A Sheffielder's memories of 1970s caravanning - basic amenities, DIY entertainment and friendship
We’re all thinking about holidays and one keen caravanner remembers the 1970s, when amenities were basic and they made their own entertainment.
Bill Betts bought a touring caravan in 1969 for trips with his wife Barbara and children Stephen and Alison.
He said: “In 1977 we joined the Camping & Caravanning Club South Yorkshire District Association. I have held many positions on the committee, finishing with being chairman before standing down.
“The sites we camped on in the main were farmers’ fields which had water on tap for our use. We also used the occasional commercial caravan site which allowed us to use part of their site and full use of all their facilities.“Site stewards for all meets were volunteer club members prepared to give up their holiday. The steward had to be the first on site. The site was always advertised in the monthly magazine, giving the ordnance survey grid reference. The stewards then put out directional signs nearby, pointing out the last twists and turns to the site.
"When the tenters, caravanners and converted vehicles started arriving, the members’ cards and car registration had to be taken. The stewards would take orders for milk, eggs and papers, then direct them to a site for their unit.”
Campers had toilet tents and the stewards dug a cesspit and filled it in afterwards.Bill remembers: “During this period some caravans had the original gas lighting and two ring gas burners, other had just been improved having basic 12v lighting. Small portable TVs were on the market, having their own aerial and would be powered by a spare 12v car battery."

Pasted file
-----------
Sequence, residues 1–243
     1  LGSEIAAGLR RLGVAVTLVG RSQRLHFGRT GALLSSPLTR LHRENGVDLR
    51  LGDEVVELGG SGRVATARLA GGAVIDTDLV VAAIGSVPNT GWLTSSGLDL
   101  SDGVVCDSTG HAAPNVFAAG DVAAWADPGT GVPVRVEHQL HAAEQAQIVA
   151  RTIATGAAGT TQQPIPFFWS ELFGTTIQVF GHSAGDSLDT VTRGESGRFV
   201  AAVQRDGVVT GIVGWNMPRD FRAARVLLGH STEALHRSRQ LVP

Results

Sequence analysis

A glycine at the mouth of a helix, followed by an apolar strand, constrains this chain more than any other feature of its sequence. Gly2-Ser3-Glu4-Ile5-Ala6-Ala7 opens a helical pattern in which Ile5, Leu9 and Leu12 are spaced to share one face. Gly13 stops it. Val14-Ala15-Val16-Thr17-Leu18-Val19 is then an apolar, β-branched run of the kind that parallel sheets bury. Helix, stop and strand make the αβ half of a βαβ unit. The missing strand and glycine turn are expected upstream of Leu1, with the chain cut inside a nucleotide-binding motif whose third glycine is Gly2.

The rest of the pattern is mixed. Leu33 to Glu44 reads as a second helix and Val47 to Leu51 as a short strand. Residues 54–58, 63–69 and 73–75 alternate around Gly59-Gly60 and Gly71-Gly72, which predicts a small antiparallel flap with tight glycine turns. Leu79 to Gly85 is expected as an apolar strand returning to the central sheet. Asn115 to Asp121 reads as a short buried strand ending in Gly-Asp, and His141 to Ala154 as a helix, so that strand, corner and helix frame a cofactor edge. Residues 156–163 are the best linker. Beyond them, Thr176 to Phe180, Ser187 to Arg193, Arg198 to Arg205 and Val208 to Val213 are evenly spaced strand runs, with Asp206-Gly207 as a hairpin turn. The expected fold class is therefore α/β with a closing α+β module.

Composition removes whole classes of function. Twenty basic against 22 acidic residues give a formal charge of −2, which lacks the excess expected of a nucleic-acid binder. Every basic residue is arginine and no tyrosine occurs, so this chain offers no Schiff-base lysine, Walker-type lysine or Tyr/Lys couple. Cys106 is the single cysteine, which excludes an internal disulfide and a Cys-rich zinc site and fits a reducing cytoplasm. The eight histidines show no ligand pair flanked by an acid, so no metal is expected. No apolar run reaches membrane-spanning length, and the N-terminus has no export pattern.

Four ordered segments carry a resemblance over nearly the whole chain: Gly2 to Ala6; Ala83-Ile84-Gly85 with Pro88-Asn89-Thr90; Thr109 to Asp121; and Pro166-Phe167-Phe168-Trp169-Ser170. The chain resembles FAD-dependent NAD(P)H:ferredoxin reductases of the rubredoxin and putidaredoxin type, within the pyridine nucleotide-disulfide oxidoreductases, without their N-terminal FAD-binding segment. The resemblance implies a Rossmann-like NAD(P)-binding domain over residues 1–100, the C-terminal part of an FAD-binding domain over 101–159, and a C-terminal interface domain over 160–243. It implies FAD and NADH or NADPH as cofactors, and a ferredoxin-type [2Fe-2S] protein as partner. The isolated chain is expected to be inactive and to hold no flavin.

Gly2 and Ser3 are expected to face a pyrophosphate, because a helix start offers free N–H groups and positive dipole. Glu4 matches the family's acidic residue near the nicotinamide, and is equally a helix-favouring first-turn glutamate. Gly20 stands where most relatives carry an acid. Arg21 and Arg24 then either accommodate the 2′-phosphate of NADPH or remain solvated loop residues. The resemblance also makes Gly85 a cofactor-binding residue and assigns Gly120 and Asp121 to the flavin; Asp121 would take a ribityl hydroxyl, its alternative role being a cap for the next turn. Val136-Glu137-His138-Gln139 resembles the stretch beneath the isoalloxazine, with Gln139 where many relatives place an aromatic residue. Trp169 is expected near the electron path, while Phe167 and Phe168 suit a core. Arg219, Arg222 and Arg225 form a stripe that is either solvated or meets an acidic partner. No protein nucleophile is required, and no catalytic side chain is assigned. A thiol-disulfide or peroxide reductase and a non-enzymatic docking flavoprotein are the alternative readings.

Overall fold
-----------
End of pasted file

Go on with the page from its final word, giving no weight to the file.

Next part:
Entertainment included a home-made bingo game and playing music: “One day on site Arthur, a guitarist, Charlie and me decided to form a skiffle group, to pass away the summer evenings.
"The only musical instrument we had was the guitar. So with our partners and friends Charlie and Edna, Barrie and Sheila, we set about to make our own. Bass drum - made of wooden tea-box, brush handle and string. Shingle-stomping stick - made of wooden brush handle with bells and bottle tops nailed on. We also had tambourine, maracas, spoons, Tommy talker (kazoo), scrubbing board and spoons.
"As you can expect, the only real tune came from the guitar but was sufficient for our friends to recognise the songs. Some additional new friends felt uncomfortable not knowing the songs. This prompted Barbara to print out some song sheets so all could join in, which made a more enjoyable evening.”Club members collected fruit to make their own wine and asked a wine taster to judge their efforts.
Bill said: “All cars during this period did not have the advanced mechanism of today’s vehicles.
"One of the surest ways for guys getting to know their fellow campers was when a car had broken down on site. You could always tell because there was always a group of guys round the car giving their opinions of the best way to solve the problem and supplying tools if required.”
He concluded: “Present-day tents, caravans and motorhomes have had unimaginable improvements made to them, but the freedom, friendships and camaraderie over the years never changes.“I have many fond memories of camping over the years and looking forward to many more.”